The case of HK v General Pharmaceutical Council is an appeal to the Supreme Court by the General Pharmaceutical Council (GPC) against a decision of the Inner House of the Court of Session (Scotland’s highest civil court). The respondent, Habib Khan (HK), was a registered pharmacist.douglas-waddell1

In 2011 Mr Khan was convicted of assaulting his wife and fined. He did not report the conviction to the GPC within seven days as required. He was then convicted in June 2012 in relation to two further incidents of domestic violence. The GPC commenced disciplinary proceedings against Mr Khan on the basis that, as a result of his failure to report his initial conviction, and his further conviction in 2012, his fitness to practise was impaired by reason of the convictions and/or misconduct.

The GPC’s practice committee, which presided over the disciplinary proceedings, decided that Mr Khan’s fitness to practise had been impaired. By way of sanction, the committee had the power to issue a warning, impose conditions of practice, suspend from practice for 12 months or remove the practitioner from the Register of Pharmacists.

The committee felt that neither a warning nor an imposition of conditions of practice were appropriate. It considered the option of suspension for 12 months, but held that it was an insufficient sanction to mark the gravity of Mr Khan’s behaviour. The committee therefore decided to remove Mr Khan from the Register of Pharmacists, with the result that he could not apply for re-registration for a further five years, holding that “his conduct is fundamentally incompatible with continued registration as a pharmacist, and that public confidence in the profession demands no lesser sanction than removal from the Register”.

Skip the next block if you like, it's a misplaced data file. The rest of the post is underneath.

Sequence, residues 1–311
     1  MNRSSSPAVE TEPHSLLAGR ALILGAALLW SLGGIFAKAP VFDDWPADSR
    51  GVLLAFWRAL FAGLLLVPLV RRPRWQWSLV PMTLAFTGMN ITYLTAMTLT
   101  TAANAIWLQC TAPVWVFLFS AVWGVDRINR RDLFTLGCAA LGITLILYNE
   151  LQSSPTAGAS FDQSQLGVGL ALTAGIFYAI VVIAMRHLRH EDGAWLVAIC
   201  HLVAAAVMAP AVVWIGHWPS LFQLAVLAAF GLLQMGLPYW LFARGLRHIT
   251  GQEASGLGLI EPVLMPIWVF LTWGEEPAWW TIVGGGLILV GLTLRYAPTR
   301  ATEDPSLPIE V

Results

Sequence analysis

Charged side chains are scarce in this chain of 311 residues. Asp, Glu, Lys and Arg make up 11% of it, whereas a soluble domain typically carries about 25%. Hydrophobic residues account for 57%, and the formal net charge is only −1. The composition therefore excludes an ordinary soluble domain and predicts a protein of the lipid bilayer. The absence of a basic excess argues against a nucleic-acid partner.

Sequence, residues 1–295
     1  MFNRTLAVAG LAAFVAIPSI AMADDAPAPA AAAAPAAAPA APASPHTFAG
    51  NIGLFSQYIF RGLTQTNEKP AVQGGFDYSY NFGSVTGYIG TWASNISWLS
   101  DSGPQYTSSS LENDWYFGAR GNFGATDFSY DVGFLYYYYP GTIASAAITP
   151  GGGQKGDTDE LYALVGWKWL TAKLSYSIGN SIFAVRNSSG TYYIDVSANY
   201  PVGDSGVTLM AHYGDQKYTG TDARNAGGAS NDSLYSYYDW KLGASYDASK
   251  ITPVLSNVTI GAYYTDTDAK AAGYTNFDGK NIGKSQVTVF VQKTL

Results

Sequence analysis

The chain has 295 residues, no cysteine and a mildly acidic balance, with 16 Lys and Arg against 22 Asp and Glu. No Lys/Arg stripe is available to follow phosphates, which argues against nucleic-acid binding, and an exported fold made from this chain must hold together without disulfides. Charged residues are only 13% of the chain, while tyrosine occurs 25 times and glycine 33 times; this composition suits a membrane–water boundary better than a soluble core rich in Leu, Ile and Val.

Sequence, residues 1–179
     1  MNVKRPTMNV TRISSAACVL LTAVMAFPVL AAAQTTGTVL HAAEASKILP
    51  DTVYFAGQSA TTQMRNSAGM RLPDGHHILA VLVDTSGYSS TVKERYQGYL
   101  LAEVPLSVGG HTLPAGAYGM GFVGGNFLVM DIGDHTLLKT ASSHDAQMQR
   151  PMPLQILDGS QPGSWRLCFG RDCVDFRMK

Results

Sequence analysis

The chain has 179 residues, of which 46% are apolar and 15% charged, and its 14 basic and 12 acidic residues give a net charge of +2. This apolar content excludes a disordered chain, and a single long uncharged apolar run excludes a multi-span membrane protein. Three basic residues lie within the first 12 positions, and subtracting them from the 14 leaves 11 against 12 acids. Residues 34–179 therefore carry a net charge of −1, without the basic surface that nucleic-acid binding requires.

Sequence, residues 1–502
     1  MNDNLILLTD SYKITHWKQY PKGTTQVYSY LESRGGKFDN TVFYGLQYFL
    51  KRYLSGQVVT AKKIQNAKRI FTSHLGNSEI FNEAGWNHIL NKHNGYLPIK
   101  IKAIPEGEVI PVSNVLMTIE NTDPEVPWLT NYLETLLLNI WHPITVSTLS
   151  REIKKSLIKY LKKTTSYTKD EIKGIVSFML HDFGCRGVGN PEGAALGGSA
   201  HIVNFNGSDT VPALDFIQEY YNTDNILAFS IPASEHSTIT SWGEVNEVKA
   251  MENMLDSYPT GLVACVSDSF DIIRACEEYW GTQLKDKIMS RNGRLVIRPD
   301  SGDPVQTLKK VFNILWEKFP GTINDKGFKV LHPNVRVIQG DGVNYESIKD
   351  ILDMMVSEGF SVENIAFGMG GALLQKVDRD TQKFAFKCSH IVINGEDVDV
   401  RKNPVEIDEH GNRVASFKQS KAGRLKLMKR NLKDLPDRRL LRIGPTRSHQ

Mr Khan appealed the decision to the Inner House of the Court of Session. He argued firstly that the decision to remove his name from the register was manifestly wrong, on the basis that he had not been permitted time to take legal advice after the GPC had made its decision on whether his fitness to practise was impaired, and secondly that the sanction was one no reasonable committee should have imposed.

The Inner House delivered its judgment in July 2014. On the first ground, it rejected Mr Khan’s proposition that there had been unfairness in the procedure followed by the GPC’s practice committee. However, on the second ground, the court held that the practice committee had not given sufficient consideration to the option of suspension. The practice committee had the power to extend suspension for a further 12 months after the initial suspension, which it had not considered when making its original decision. The decision of the GPC’s practice committee to remove Mr Khan from the register was therefore quashed, although its decision that his fitness to practise was impaired was not affected.

The GPC appealed the Inner House’s judgment to the Supreme Court. The main issues in contention were:

  • Whether there is an intermediate sanction open to the GPC’s sanction committee which allows it to indicate that a period of suspension should exceed 12 months; and
  • Whether the original sanction of removal from the Register of Pharmacists was wrong in principle, clearly inappropriate or plainly disproportionate.

The appeal was heard on 10 November 2016, and judgment is due to be handed down on Wednesday 14 December.